The Water Carriers by C J Ricardson ©2012 


The sun is beating down on the backs of the small group as they trudge on with their bottles, buckets and jerry cans; only another five kilometres to the nearest water hole. Leathery soles pad the parched earth in a slow rhythm, kicking up small clouds of dust as they keep up a tolerable pace. The women, in their brightly coloured garments, chat and laugh in the relentless morning heat. The smallest children run between the legs of the adults, poking sticks at imaginary enemies while older children carry their own bottles and buckets; their time for play is over.

      Mardea’s baby daughter is strapped to her chest. At only one week old, it is the child’s first trip to the water hole. There will be many more trips before she learns to walk. Mardea and the other women hope that one day there will be water in the village where they live. They have heard of the programs that the big foreign charities are funding. It could be quite a while before they come to their remote village.

      The small pouch tied to her waist contains a few strips of dried goats meat and a piece of flat bread. Most of the women carry a similar meal. They will be tired and hungry when they reach the wadi and the food will be welcome. She prays that she will have enough food to encourage the meagre supply of milk in her breasts. She cannot bear the thought of losing another child to malnutrition.  The memory of a son born last year brings pain and she holds her baby tightly. Her son had only lived for two weeks. Food had been scarce and her milk supply had dried up. His mortal life may have been short but he would live in her memory forever.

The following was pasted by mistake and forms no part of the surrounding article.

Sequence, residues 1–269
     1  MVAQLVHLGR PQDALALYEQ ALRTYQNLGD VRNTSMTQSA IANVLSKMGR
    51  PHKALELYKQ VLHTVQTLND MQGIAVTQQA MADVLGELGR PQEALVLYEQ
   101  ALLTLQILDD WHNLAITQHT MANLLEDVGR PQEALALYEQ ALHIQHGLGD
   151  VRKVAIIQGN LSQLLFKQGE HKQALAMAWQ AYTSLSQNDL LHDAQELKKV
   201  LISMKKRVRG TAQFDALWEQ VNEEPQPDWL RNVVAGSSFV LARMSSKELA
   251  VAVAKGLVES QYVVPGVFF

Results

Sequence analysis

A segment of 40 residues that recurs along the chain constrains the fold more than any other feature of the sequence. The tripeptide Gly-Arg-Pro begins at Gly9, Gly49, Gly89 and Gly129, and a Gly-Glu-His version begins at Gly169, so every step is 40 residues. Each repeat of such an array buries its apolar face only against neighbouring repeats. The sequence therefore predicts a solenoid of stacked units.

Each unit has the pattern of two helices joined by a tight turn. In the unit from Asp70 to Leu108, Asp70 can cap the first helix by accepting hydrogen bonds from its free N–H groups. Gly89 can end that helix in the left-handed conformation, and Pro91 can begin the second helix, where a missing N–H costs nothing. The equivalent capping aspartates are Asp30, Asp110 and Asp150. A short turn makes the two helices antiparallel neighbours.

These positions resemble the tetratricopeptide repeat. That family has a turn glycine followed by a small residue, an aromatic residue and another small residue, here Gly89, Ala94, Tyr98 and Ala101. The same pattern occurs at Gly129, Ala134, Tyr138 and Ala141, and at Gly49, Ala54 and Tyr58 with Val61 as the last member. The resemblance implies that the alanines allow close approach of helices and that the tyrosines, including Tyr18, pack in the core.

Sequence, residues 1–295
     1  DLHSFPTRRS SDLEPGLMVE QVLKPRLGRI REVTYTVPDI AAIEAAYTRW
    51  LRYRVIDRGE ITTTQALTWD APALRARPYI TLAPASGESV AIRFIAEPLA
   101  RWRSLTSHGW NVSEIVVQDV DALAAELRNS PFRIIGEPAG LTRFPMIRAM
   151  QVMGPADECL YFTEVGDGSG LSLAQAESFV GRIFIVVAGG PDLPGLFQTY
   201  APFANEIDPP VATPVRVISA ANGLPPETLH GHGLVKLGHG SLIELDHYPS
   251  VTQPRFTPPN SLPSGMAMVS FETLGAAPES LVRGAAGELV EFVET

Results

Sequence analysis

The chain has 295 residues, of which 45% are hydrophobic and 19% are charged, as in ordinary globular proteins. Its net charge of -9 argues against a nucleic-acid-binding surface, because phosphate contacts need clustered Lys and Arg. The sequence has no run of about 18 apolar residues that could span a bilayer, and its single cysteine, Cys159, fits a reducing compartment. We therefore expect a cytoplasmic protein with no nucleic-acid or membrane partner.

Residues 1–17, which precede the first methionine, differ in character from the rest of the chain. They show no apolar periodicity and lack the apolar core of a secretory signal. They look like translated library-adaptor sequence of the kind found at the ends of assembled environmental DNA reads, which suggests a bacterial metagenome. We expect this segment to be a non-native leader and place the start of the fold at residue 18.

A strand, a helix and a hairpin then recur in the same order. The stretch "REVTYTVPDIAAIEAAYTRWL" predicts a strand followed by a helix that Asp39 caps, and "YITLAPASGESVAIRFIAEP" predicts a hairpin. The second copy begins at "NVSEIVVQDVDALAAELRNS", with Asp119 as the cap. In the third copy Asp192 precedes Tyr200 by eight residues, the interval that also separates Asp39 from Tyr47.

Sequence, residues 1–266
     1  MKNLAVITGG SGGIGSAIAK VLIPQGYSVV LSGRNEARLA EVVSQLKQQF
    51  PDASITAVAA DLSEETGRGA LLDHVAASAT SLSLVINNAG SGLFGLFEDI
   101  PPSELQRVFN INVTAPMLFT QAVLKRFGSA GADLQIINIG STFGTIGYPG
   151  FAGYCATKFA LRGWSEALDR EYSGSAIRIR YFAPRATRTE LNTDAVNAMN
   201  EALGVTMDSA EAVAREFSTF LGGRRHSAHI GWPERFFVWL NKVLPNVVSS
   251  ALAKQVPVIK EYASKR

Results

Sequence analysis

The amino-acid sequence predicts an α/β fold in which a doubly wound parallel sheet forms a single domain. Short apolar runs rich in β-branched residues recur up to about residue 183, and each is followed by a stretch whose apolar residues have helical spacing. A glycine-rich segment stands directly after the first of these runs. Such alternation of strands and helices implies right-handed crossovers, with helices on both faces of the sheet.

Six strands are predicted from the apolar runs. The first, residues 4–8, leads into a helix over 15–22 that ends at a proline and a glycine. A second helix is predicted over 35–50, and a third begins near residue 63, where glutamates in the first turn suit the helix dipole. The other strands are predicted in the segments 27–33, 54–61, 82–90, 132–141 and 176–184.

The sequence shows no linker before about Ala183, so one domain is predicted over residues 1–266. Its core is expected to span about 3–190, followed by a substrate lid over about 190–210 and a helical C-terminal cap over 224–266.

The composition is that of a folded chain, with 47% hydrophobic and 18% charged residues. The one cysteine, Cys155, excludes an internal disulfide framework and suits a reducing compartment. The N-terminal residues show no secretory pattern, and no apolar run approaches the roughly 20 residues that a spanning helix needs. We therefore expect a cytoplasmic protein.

The children tire and start to drag their feet. They hold on to the long skirts of their mothers and try to keep out of the sun as it peaks in the sky. They know they are nearly there as the hunger pains intensify and this make them push on. As the water hole comes into sight, the children find a last burst of energy and run forward to slake their thirst. The women allow the children to drink and wait patiently for their turn.

      Everyone starts to fill the water containers. It’s a slow job and takes a couple of hours. Then they finally sit and bring out their meagre rations; eating every morsel slowly; trying to savour every bite. The baby suckles anxiously on the poor milk of its mother. Mardea thanks God for another day of life for her child. The chatter and laughter starts up again. The scene looks, for all the world, like a family picnic. It’s a scene of life and death and, hopefully, today they have all cheated death.

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